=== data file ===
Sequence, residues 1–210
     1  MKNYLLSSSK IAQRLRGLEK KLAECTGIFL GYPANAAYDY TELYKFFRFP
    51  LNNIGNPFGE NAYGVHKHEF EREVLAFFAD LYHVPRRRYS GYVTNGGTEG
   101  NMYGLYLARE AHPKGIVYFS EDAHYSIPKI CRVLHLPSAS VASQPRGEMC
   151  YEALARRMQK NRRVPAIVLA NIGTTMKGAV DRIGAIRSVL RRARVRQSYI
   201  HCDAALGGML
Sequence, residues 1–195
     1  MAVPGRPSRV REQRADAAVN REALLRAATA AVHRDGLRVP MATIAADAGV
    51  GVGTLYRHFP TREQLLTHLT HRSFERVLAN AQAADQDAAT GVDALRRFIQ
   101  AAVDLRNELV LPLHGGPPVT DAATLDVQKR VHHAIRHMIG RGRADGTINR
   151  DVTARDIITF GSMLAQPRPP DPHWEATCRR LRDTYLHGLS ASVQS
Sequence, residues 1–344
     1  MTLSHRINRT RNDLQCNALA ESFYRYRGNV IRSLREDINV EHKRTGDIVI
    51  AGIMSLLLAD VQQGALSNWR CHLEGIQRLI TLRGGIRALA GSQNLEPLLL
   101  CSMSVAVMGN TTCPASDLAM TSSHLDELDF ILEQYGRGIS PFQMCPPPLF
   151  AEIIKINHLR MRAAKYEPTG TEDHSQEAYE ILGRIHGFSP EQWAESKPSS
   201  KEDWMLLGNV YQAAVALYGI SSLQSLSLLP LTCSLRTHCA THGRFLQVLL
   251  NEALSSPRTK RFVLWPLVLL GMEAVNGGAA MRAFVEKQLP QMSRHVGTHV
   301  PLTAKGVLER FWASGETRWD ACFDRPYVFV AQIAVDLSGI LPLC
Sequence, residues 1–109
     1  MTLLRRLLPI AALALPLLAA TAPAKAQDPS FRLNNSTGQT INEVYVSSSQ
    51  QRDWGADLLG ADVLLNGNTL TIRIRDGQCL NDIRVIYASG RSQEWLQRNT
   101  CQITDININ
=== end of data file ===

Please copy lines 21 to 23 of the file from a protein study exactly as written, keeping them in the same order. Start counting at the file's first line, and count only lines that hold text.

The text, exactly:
     1  MTLLRRLLPI AALALPLLAA TAPAKAQDPS FRLNNSTGQT INEVYVSSSQ
    51  QRDWGADLLG ADVLLNGNTL TIRIRDGQCL NDIRVIYASG RSQEWLQRNT
   101  CQITDININ